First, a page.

Warnock took the reins from Woodgate and led Boro to safety, while the former England international focused on his family, though breaking the news to his son – a die-hard Middlesbrough fan – was particularly soul-crushing.
Woodgate admits he will struggle to get over the day he lost his dream job at Boro and spoke out about the pain of having to tell his son
‘My priority was my family and my kids weren’t at school,’ he added. ‘It was all about the kids and I’m glad they weren’t at school because they could have got sly banter.
‘My son was gutted. He was a Middlesborough fan as well. He loved going to the games so it was hard for him as well.’
Woodgate – a former captain of Tottenham and Boro – insists he is unflappable and can handle pressure and setbacks, but has urged any player or manager who is struggling with their mental health to get their thoughts out and speak to someone.
‘It’s really important because players do struggle,’ he says. ‘With the pressures on the game these days, you won’t always get players who are exactly the same. Some have strong mentalities and some don’t. If a player has a really strong mentality he might still be struggling inside. The pressure – whether you’re playing or your injured – can be really tough.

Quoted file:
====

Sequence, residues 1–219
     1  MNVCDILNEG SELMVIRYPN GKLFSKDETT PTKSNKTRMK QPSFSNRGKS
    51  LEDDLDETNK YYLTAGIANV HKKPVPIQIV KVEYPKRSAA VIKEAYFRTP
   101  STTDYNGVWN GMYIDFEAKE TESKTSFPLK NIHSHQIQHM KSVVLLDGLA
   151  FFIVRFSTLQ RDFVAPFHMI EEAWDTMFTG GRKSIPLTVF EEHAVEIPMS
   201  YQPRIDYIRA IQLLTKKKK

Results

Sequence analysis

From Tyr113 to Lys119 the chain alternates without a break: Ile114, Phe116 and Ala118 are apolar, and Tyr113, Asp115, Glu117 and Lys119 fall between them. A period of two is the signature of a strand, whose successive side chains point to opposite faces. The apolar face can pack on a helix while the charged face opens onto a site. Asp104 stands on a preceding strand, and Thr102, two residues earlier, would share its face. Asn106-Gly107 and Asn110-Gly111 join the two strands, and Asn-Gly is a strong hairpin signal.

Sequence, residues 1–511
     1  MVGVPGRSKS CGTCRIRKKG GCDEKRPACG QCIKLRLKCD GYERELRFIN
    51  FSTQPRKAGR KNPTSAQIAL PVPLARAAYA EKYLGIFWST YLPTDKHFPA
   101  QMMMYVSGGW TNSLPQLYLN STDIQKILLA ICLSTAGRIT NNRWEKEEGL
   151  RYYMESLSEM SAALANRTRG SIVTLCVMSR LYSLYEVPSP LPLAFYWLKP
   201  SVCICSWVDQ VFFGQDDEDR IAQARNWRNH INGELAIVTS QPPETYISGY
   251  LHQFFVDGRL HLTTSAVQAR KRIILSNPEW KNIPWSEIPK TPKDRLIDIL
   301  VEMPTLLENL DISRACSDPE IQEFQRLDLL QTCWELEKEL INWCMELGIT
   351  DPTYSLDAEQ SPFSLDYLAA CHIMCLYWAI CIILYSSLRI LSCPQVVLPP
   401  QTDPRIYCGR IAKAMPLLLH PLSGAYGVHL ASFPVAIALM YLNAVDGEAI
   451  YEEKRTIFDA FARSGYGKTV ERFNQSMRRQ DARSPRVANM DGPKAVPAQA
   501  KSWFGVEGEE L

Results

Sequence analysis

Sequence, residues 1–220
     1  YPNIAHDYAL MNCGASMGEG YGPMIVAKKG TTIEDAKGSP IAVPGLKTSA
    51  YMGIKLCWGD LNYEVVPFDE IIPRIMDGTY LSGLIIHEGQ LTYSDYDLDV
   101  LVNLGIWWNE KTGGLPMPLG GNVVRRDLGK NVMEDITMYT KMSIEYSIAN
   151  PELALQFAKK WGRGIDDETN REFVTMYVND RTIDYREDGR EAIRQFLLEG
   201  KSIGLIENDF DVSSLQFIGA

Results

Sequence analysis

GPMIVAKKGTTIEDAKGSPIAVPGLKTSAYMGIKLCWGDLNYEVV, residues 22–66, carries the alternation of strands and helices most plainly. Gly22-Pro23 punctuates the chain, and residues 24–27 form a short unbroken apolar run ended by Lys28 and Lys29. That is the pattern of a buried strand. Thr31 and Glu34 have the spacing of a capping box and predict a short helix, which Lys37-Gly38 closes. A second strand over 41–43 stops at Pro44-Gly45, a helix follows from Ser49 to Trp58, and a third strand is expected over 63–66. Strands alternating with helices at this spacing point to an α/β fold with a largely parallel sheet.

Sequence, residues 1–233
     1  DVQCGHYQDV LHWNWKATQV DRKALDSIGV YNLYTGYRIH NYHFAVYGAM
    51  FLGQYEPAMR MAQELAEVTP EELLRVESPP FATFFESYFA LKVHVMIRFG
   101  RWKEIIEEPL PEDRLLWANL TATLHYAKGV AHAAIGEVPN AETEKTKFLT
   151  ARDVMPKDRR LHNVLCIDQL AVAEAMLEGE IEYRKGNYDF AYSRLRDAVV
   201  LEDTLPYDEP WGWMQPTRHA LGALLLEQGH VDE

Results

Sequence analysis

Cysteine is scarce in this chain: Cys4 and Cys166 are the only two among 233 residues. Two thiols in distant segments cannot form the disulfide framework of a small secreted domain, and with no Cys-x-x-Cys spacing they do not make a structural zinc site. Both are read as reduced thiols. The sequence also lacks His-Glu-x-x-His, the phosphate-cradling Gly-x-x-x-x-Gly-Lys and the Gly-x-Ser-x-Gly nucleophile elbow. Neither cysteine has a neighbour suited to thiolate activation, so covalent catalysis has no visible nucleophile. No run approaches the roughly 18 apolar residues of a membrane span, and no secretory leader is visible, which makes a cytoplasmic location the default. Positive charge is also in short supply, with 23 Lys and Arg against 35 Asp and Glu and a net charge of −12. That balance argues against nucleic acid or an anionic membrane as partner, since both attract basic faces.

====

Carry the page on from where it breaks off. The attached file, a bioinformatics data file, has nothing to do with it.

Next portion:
‘If there’s someone suffering with their mental health, go and speak to someone, whether it’s a friend or whoever. Open up to them, and see if they can help you and point you in the right direction.
The former England star has urged players and managers to seek help if they are struggling with their mental health
‘I’m quite resolute. I think to myself “what will be will be”. I was devastated for a week [after being sacked] but I have the ability to move on and not think about it.
‘I didn’t speak to anyone about it. It’s different people dealing with different things. You get people ringing you asking how you are. Obviously I’m gutted but I’ll get over it – that’s how I look at it.’